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Re: [wp-hackers] Is WordPress Development Slowing Down?

___/ On Mon 15 May 2006 13:58:05 BST, [ Anne Gibson ] wrote : \___

On May 15, 2006, at 4:36 AM, Roy Schestowitz wrote:

Figures seem to indicate that, based on the (admittedly poor
indicator  which is) number of commits, WordPress changes less and  less as
time  goes on. A decline from half a dozen commits per day to just  1 or  2
is noticeable.

I look at this as the sign of a fairly mature and stable application. If what your customer base needs is a mousetrap, you build a mousetrap. It might take quite a few iterations to find a mousetrap that reliably traps mice, but once it does trap mice reliably and effectively to the general satisfaction of the customer, you don't necessarily need to build a better one - just fine-tune the existing one. Then it's time to look for the customers who need something slightly different - like a web-based mousetrap - and work on building their mousetrap instead.

Well,  this mousetrap, being an excellent simplification/exemplary, serves
as  defence for one side of the argument. In this case, it could  actually
defend  the state of development being idle (which it is *not* in the case
of  WordPress).  They say that your competitor is always up to  something,
never  sleeping  and only scheming to snatch a piece of your pie.  Let  us
face  it:  There are other packages out there are they stride forward,  as

The  key  to  staying ahead is to innovate rather than add  features  that
complement and complete the feature set of all your competitors (I dislike
this term in the context of FOSS). Thus, I think that WordPress could seek
to  extract  new  ideas.  Widgets, automatic  saving,  spellchecking,  and
WYSIWYG  front-end  already  exist elsewhere (by no means do I  intend  to
detract  from  the  wonderful  implementation). Bug  bounty  hunt  can  be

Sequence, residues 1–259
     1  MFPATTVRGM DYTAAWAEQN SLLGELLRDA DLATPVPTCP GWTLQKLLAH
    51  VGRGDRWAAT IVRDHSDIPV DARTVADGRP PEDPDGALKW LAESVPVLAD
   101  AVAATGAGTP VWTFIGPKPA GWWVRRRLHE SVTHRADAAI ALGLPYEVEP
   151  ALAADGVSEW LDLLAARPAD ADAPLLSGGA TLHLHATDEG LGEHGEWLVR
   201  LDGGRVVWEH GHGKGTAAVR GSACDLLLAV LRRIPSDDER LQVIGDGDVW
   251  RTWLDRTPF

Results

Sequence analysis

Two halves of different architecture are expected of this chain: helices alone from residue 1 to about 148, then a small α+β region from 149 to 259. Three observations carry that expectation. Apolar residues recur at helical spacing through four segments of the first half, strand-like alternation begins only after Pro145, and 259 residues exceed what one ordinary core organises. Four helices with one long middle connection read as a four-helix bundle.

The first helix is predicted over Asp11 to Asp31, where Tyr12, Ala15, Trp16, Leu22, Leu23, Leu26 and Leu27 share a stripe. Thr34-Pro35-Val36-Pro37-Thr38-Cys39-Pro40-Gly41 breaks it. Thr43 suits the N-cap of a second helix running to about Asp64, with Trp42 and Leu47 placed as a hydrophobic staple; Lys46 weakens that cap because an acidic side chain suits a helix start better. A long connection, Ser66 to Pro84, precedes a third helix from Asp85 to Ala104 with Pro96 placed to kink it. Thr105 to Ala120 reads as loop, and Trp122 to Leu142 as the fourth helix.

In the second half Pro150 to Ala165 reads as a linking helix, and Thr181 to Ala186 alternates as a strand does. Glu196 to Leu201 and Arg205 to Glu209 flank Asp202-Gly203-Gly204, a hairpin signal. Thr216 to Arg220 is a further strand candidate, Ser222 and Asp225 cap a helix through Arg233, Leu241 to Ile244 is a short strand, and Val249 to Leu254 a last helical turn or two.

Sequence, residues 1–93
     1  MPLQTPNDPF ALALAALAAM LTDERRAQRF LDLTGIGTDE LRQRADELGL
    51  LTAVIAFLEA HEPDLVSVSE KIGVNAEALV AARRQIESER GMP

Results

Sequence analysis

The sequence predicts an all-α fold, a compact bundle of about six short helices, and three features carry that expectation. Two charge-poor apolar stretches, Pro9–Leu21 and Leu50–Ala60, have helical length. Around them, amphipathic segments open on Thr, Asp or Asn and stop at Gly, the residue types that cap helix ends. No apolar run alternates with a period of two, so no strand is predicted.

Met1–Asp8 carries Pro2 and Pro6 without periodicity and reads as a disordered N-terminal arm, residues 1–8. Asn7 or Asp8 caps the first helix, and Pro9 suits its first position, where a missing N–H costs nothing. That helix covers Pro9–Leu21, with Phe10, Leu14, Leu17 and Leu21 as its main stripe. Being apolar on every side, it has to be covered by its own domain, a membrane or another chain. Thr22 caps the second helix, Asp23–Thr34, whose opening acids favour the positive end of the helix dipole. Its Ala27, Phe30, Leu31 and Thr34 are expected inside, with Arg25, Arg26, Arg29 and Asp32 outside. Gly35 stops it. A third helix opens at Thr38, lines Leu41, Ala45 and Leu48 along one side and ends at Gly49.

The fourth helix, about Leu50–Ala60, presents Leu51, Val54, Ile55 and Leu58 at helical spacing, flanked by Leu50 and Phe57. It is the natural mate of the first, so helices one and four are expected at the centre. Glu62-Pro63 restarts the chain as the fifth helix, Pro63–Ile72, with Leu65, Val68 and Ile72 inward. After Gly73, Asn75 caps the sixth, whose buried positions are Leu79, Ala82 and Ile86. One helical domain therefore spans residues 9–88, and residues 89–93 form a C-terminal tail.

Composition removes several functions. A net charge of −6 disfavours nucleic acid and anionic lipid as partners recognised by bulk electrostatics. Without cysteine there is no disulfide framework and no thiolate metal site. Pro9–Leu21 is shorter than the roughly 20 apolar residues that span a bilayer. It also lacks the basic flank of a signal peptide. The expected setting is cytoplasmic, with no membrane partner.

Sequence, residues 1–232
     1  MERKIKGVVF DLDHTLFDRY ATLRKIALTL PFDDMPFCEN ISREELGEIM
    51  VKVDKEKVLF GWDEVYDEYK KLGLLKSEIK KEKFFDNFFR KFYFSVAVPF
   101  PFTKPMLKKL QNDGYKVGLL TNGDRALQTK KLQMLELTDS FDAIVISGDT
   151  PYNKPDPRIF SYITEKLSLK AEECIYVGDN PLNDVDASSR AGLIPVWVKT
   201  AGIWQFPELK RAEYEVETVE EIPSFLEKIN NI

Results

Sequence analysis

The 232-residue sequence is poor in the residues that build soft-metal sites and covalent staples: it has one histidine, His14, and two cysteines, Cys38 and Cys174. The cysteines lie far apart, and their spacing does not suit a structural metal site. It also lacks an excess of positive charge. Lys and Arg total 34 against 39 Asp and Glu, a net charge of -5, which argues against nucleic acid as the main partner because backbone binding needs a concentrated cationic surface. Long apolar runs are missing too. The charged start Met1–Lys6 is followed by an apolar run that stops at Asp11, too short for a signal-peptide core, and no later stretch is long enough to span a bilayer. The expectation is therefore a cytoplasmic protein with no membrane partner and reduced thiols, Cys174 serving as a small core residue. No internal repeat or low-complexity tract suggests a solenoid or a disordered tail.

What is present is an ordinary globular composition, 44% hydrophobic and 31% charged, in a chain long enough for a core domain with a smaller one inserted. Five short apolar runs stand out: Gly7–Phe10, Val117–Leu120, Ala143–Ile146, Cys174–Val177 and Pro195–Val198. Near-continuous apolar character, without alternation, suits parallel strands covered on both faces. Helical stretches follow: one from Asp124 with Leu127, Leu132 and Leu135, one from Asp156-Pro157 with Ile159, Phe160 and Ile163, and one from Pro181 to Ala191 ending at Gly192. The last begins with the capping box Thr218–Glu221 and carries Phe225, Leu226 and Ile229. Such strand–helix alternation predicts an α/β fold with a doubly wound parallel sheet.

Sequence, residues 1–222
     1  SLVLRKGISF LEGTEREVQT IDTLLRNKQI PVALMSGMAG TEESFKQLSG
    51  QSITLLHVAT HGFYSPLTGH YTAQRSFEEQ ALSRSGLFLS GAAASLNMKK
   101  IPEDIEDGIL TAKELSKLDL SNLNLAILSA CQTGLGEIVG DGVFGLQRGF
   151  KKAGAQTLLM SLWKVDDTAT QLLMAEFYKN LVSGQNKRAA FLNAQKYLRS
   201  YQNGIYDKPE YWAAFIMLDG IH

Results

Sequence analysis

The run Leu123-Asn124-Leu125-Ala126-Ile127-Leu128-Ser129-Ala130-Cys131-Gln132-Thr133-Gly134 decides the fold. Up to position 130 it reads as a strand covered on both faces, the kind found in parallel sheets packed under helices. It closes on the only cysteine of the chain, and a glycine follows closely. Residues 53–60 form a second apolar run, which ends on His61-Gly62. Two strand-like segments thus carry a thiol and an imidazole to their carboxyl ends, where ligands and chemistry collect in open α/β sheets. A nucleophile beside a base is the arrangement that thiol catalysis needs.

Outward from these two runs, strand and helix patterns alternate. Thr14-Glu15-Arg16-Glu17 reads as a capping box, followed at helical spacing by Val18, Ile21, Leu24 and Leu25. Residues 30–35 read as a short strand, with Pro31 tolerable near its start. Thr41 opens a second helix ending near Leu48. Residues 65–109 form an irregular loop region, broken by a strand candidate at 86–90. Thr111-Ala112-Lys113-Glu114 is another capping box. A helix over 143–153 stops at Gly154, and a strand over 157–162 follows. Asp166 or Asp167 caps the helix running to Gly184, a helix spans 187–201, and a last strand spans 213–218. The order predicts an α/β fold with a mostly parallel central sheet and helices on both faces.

fruitful,  but  perhaps on par with the fruits of a hunt for ideas,  which
require more than various hooks.

Or, put another way, imagine how much more efficient Microsoft Word would be if it was just a word processor, and not a word processor / html editor / brochure maker / family medical database creator / template dumping bin.

Despite  my  apathy for Word (I am a prolific Linux advocate in  fact),  I
don't  think  that  feature depletion would have had any merit.  It  is  a
mature product that continues to extend and gives OpenOffice a run for its
money, piracy factors aside.

Could  it be time to radically extend and make WordPress an out-of- the-box
CMS?  Or maybe produce a separate, standalone package (a  derivative)? Many
people  seek CMS software. They love WordPress for many reasons,  but  they
eventually settle for something like Drupal. In newsgroups, I find  it hard
to  convince people to use WordPress as a CMS. With the number of  bloggers
exceeding  100 million quite soon, I suppose my point of  contension  might
be void.

I think you're having trouble convincing folks to use Wordpress as a CMS because it isn't a CMS. Since I don't need a CMS for my site, I'd personally prefer that Wordpress stay as it is - a very functional blogging tool.

Me  too, but it is sometimes difficult to teach an old dog some new tricks
(pardon  the  phrase,  it's a proverb). I would rather let someone  use  a
package that s/he is already familiar with.

If you think there's a significant customer base for a mouse- management system instead of just a mousetrap, where the reason for use is significantly different than Wordpress as it currently stands, I'd think that would be a sufficient reason to branch the code and produce Wordpress CMS. I'm usually one who thinks "plugin" before "branch" but if you're significantly changing the basic functionality of the application then it's not really Wordpress anymore, and the code should reflect that.

Yes,   I  am  aware  of  some  packages  that  integrate  a  plethora   of
sub-packages,  WordPress included. They are poorly tested and they  suffer
from  the  same issues of lesser-known Linux distributions --  principally
patching  and conflict resolvation. No doubt complexity and bloat can take
any  project  down the wrong line. However, novelty needn't  /necessarily/
carry a penalty.

Best wishes,


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